TikTok Drawing Scant Support From the Music Industry, DMN Poll Shows

TikTok support in the music industry
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TikTok support in the music industry
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Photo Credit: DMN

More than a month into the Universal Music vs. TikTok licensing showdown, TikTok appears to be drawing scant support from the music industry, according to a new poll conducted by DMN.

The world’s largest music publisher, Universal Music Publishing Group, announced at the end of January that it would not renew its licensing agreement with the phenomenally popular short-form video platform TikTok, in an open letter issued with its parent company, UMG.

That decision has sent ripples throughout the music and creator sectors — but lots of major music industry players have voiced their support for the major label and publisher. And a recent poll conducted by Digital Music News reinforces that TikTok doesn’t seem to have many supporters on the music industry side of the aisle.

With 192 participants asked whether TikTok or UMG is in the right, 84% of those polled sided with Universal Music, while 16% agreed with TikTok. A handful of comments asserted that neither entity is in the right, which may have received more votes had the option appeared in the poll, or among a larger pool of participants.

The dispute began with an allegedly lowball offer Universal received from TikTok, as well as the platform’s so-called AI data scraping — to say nothing of the ongoing user safety concerns across the US, Europe, and numerous other regions over the ByteDance-owned app. But TikTok fired back against UMG, accusing the company of prioritizing “greed” instead of “valuable artist promotion opportunities.”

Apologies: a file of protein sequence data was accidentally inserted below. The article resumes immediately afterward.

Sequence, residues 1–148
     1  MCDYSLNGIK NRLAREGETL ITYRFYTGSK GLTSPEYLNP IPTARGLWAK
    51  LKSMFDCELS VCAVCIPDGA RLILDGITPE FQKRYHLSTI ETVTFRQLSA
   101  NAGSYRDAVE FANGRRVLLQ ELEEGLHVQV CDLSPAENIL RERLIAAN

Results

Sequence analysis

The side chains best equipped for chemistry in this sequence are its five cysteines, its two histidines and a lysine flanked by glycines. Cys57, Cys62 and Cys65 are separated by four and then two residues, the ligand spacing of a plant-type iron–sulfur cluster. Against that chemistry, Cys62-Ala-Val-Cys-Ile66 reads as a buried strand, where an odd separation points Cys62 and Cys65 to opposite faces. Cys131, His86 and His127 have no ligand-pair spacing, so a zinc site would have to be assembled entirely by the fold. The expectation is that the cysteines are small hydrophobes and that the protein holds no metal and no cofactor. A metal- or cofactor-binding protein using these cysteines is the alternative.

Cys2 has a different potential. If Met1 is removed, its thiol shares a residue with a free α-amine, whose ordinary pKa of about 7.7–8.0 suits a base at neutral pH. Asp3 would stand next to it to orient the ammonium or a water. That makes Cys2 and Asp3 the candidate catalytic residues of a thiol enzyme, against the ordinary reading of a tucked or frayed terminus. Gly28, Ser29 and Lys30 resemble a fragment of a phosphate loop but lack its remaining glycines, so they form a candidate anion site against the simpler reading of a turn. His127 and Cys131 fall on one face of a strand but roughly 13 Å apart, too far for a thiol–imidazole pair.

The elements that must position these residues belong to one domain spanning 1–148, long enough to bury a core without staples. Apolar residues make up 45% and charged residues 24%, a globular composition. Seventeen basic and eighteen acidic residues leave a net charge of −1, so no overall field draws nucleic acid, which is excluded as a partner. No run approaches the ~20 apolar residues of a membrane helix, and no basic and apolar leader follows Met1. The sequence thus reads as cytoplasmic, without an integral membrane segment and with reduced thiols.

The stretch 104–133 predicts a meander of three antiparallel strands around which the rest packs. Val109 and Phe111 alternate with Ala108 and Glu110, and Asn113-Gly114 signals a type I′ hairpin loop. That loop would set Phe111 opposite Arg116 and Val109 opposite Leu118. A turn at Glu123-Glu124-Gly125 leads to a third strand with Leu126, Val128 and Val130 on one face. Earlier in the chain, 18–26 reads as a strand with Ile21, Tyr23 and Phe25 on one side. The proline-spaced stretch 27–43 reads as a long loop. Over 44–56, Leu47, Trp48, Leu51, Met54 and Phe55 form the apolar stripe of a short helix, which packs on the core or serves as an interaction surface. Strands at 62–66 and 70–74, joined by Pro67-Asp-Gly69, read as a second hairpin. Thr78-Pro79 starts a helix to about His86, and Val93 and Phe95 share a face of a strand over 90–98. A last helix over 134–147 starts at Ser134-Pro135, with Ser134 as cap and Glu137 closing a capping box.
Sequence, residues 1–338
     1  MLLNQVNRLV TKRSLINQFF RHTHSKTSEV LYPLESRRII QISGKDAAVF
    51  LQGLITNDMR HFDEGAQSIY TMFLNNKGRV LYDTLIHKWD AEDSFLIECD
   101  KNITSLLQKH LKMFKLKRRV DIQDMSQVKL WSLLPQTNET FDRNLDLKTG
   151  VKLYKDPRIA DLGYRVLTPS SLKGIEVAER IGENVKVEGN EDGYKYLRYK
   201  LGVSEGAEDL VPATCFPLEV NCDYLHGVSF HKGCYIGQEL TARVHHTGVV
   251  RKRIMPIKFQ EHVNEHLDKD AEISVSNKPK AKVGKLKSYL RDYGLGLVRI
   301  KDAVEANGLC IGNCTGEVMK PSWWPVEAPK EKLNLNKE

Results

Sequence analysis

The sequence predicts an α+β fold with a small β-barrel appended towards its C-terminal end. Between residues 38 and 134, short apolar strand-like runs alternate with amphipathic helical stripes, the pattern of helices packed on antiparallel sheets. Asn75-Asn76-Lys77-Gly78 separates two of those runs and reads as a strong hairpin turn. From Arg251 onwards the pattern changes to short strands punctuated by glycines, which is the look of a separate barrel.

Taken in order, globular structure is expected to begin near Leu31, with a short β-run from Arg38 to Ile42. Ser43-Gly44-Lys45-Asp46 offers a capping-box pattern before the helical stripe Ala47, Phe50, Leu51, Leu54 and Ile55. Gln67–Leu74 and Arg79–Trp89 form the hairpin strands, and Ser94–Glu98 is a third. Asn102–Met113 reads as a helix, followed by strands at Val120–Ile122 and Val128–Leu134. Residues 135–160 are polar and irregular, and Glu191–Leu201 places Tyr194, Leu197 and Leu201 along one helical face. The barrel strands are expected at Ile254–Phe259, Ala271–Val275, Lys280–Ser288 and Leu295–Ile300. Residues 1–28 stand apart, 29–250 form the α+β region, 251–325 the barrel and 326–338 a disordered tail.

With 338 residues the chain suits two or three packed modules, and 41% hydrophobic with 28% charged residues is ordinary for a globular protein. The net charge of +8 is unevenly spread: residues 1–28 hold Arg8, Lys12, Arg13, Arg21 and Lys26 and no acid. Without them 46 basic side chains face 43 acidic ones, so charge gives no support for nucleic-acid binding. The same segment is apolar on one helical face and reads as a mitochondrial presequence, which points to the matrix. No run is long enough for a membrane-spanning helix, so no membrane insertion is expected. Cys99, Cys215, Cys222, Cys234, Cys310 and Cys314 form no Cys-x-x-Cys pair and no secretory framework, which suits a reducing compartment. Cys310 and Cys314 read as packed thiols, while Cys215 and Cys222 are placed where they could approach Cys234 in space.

In response, Universal made a swift exit, pulling its vast catalog of music from TikTok and leaving many videos without audio. And now, it looks like independent publishers might follow suit, with NMPA president and CEO David Israelite not only voicing his support for UMG, but later announcing that NMPA would not renew its licensing agreement with TikTok once it expires at the end of April.

Further, companies such as Downtown Music Holdings have called out TikTok’s conduct during its meteoric rise over the past handful of years. “At Downtown, we strive to ensure that artists, songwriters, and rights holders are equitably compensated for their creative endeavors,” says Downtown CEO Andrew Bergman. “This has not been the case with TikTok. It’s time to re-calibrate the partnership between the music industry and TikTok to re-balance the ledger.”

Still, as the rift between the short-form video app and the music industry continues to grow, Warner Music CEO Robert Kyncl is trying a different approach, having signed an extensive deal with TikTok over the summer.